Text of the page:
Kinross Gold, a Canadian gold-mining company, has a solid long-term record, with a 10-year annualized return of 27%, versus 17% for gold and 1.3% for the S&P 500. This year, Kinross is little changed.
The company generates over 90% of its revenue from gold and has mining operations in eight countries. Its biggest are in the U.S. and Russia, which assures a degree of political stability to ensure uninterrupted production, something that's an issue for many gold producers.
Kinross gets sterling endorsements from several respected investors, including the $71 billion Fidelity Contrafund (FCNTX), managed by William Danoff. It holds 4.9% of the company's outstanding shares. The world's largest money manager, BlackRock , holds 11%.
Kinross has been able to grow its annual production substantially in recent years through acquisitions, adding to its risk. It also doesn't hedge the price of gold, which also adds to its risk factors.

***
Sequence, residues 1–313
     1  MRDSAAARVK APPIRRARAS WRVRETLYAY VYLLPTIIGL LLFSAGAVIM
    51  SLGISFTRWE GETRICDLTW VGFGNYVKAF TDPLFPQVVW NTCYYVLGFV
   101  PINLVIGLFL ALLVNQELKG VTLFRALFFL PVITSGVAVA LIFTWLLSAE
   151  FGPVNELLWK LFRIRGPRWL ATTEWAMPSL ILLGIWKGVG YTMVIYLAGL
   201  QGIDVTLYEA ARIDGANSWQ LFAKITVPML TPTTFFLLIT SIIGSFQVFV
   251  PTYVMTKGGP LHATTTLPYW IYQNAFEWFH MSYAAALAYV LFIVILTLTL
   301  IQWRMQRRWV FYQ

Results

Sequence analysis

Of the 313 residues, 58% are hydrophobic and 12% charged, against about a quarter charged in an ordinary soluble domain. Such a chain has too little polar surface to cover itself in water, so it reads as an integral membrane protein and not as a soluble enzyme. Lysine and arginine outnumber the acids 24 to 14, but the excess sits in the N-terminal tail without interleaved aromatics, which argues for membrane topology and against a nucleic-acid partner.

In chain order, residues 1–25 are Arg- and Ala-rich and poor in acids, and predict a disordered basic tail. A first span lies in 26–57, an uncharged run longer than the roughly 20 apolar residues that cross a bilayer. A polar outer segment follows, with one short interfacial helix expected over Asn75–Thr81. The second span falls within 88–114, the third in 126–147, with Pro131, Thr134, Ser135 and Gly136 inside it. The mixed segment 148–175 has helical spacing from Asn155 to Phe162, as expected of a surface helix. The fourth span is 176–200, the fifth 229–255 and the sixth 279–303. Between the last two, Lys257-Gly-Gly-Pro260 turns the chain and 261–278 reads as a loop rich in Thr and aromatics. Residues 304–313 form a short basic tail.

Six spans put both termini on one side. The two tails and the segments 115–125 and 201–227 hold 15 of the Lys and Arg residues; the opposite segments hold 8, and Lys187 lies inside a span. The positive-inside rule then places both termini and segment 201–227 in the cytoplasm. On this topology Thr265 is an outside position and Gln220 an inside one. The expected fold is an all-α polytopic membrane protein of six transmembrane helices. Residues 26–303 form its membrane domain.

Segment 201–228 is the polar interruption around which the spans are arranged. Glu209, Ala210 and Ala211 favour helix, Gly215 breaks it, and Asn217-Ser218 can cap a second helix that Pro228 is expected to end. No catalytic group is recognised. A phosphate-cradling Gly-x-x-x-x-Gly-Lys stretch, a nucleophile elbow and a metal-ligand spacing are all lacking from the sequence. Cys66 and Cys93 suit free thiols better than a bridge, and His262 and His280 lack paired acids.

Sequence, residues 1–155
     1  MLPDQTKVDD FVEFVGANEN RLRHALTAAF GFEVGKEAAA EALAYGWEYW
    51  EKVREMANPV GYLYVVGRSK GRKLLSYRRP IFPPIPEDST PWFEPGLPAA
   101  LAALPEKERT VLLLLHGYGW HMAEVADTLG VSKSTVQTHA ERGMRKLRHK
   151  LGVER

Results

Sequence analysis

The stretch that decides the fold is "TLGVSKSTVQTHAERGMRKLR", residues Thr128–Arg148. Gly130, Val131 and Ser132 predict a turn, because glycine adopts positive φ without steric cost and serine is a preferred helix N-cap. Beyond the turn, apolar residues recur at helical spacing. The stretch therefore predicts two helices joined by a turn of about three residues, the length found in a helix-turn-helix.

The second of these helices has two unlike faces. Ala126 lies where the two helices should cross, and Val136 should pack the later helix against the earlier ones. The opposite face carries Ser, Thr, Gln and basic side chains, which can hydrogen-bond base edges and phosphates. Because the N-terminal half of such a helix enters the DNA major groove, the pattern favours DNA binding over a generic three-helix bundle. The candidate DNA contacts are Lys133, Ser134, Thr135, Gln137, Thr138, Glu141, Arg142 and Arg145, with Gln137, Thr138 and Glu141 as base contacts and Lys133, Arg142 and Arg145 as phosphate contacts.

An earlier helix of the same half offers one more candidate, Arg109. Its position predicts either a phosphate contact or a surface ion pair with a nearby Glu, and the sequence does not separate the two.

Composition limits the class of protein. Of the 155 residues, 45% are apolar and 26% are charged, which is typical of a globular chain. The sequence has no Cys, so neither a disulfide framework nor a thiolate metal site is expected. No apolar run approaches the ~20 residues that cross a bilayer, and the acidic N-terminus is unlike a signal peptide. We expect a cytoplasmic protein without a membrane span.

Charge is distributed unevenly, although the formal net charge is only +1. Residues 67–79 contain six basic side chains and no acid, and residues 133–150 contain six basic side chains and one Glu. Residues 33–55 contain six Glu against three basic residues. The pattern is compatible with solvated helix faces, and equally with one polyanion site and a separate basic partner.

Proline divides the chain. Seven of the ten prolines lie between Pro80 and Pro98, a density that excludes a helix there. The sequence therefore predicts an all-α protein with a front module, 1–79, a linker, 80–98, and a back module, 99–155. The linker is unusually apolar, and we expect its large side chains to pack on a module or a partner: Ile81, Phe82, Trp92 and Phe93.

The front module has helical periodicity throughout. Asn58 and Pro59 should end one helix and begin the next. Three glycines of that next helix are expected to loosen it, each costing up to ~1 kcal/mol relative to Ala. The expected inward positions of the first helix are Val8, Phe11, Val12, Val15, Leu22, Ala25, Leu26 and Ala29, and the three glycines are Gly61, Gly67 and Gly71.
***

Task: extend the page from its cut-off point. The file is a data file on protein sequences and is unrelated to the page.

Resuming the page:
Morningstar gives Kinross three out of five stars. Three-star stocks should offer investors a return that's roughly comparable to the stock's cost of equity, the firm says.
Another reliable fund is the $2.5 billion Tocqueville Gold Fund (TGLDX), up 49% this year. It has an 8.5% allocation to gold, and then the stocks of Osisko Mining , at 6% of the fund, Randgold Resources, at 5.5%, IAMgold , at 5%, and Newmont Mining , at 4%.
Barrick Gold , at a 3.5% allocation, the fund's fifth-largest holding, is up 31% this year. The company, the world's biggest gold producer, is the anchor investment of many gold funds, although not necessarily the top holding.
It's conservatively run, has a solid balance sheet, and the majority of its operations are in North America and stable countries in Latin America, which assures that production won't be easily uninterrupted by political unrest.
At Sept. 30, Barrick held $4.3 billion in cash and had generated $3.3 billion in operating cash flow, aided by the record price for gold. Through the third quarter, gold production was ahead of projections.